IUSB police, health officials speak out on Indiana Lifeline Law

The law grants immunity to underage drinkers seeking medical attention for alcohol-related emergencies

A new Indiana law offers immunity to underage or illegal substance users looking for emergency medical care for others Preface photo/MANDI STEFFEY

A new Indiana law offers immunity to underage or illegal substance users looking for emergency medical care for others
Preface photo/MANDI STEFFEY

By MANDI STEFFEY, Staff Writer



Indiana lawmakers passed a law in 2012 that could potentially save the lives of college-aged students.

This law, known as the Indiana Lifeline Law, was put in place as a resource for people under the age of 21 to seek medical attention involving any alcohol consumption-related emergency while receiving immunity from arrest and/or prosecution.

“This semester, there was a student down in Bloomington who got drunk, was left and died,” said Laura Hieronymous, a clinical nursing faculty member and the director of the Health and Wellness Center. “There is now a law that if a person is in trouble…overuse of alcohol or overdose, if the person calls for help, they won’t be arrested.”

According to Indiana Senate Enrolled Act No. 274, the law requires that an individual who should seek this help abide by a few rules to receive immunity. The person(s) seeking help must provide his or her full name to law enforcement officials. The person requesting medical assistance must remain at the site where they requested help until emergency medical assistance and police arrive. The person must cooperate to the best of his or her ability in these ways to be able to receive medical assistance without the fear of prosecution.

Before this law, those under the age of 21 may have called emergency medical assistance less often for fear of being charged with an offense like minor in possession or minor in consumption.

This law is aimed at the younger half of college-aged students. IUSB health officials and police welcome the new law in light of what has happened IU Bloomington’s campus. While there have been no student deaths related to alcohol on IUSB’s campus, they say the law is a step in the right direction when it comes to saving lives.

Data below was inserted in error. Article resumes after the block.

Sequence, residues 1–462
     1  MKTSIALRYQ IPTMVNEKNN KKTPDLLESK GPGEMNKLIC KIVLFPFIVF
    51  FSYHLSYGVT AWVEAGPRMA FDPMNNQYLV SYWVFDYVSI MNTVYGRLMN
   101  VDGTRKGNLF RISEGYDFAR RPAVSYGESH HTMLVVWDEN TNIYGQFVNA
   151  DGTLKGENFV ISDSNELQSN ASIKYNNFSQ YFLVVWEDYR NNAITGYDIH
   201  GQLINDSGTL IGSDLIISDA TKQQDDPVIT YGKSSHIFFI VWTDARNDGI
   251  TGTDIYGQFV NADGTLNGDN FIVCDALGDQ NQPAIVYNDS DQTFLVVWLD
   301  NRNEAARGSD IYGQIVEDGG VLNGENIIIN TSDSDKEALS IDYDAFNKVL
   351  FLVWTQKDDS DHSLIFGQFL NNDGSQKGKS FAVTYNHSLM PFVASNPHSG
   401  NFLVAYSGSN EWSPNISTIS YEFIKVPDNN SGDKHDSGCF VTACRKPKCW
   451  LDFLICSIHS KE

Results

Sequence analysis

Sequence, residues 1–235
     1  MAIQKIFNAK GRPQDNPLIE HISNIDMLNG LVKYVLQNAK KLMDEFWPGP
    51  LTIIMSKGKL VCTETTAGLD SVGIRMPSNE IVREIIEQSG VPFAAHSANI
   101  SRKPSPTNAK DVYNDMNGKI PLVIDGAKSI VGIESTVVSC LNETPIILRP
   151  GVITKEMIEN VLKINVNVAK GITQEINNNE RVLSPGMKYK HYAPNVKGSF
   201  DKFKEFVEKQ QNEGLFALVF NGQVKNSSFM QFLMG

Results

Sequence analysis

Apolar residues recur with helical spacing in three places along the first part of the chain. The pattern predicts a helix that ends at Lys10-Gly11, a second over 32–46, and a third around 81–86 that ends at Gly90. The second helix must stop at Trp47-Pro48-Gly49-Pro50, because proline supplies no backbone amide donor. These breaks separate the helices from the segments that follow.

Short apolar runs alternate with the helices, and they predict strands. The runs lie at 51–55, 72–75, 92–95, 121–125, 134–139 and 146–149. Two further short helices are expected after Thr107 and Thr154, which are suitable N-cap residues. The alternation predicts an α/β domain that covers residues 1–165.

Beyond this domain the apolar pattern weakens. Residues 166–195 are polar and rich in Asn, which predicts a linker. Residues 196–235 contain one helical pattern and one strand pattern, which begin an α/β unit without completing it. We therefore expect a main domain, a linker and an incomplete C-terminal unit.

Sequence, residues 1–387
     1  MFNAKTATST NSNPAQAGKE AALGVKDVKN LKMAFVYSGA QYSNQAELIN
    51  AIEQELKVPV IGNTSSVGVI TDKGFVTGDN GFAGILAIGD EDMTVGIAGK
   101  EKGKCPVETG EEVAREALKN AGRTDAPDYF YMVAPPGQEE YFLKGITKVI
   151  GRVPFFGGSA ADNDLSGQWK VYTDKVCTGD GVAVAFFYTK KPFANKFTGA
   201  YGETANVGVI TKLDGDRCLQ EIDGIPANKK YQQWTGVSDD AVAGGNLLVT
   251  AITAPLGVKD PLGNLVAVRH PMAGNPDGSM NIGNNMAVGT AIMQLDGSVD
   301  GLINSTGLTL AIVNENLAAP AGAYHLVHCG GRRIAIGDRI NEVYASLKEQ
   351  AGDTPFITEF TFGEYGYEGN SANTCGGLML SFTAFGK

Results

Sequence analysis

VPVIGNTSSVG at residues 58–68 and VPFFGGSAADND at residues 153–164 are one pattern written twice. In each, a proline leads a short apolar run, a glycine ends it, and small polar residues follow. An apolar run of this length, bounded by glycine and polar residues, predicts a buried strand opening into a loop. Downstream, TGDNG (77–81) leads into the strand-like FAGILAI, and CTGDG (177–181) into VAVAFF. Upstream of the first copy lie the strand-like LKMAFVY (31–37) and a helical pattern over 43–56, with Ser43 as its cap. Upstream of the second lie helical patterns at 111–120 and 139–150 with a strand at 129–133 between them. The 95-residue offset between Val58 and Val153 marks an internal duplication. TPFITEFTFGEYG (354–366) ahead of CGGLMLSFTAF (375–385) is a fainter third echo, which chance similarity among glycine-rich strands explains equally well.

“It’s an important idea to get out there,” Hieronymous said. “The recommended [drinking amount] for females is one 12 ounce beer every hour. For males, two beers an hour. Unfortunately, this isn’t how kids drink. They binge, and it kills them.”

“Unfortunately, at IU Bloomington, the girl that sustained a fall at a party and died could have been helped if she or someone else called 911in accordance with the law,” said IUPD Police Chief Martin Gersey.

Many news sources are agreeing with Gersey. According to numerous central Indiana television news stations and newspapers, the girl who died in August, Rachael Fiege, could have taken advantage of the law before it was too late.

The news sources report that Fiege died from injuries after falling down the stairs at a party. According to WTHR, witnesses said that after Fiege fell down the flight of stairs, people at the party didn’t call 911 for at least six hours. She died the morning after the party at the hospital.

“That situation is what this law should prevent,” said Gersey. “It’s designed to look out for the safety of individuals with an alcohol-related medical problem.”

With fall football tailgating in full swing already this year, South Bend might not be the easiest city for minors to avoid the pressure to binge drink. IUSB police and other law enforcement officials are required to know, learn and enforce, which means no person should hesitate to make an emergency call if they or someone they know has had too much to drink for fear of prosecution.

“Minors should make a call if they witness someone so inebriated that they need some kind of medical assistance,” he said. “They shouldn’t be afraid of law enforcement at that point.”

“We don’t want anyone else to lose their lives because they were scared to call someone,” he added. “The situation in Bloomington—this law can prevent things like that.”

Amy Frazier, student nurse, also recognizes importance in the law.

“Drinking lowers the threshold for your thoughts,” Frazier said. “It opens you up to all sorts of risky behaviors, illegal drug use. [Binge drinking] opens you up to bad things.”

Behaviors that can be induced by drinking, as well as binge drinking, can be deadly, as Hieronymous pointed out.

According to and the Department of Health, more than two dozen Indiana citizens under the age of 21 have died due to alcohol poisoning since 2004. While awareness of the law is still growing, those who know about and enforce it seem to be in agreement.

“Anything to keep people safe is important,” said Gersey.

For more information on the law, visit

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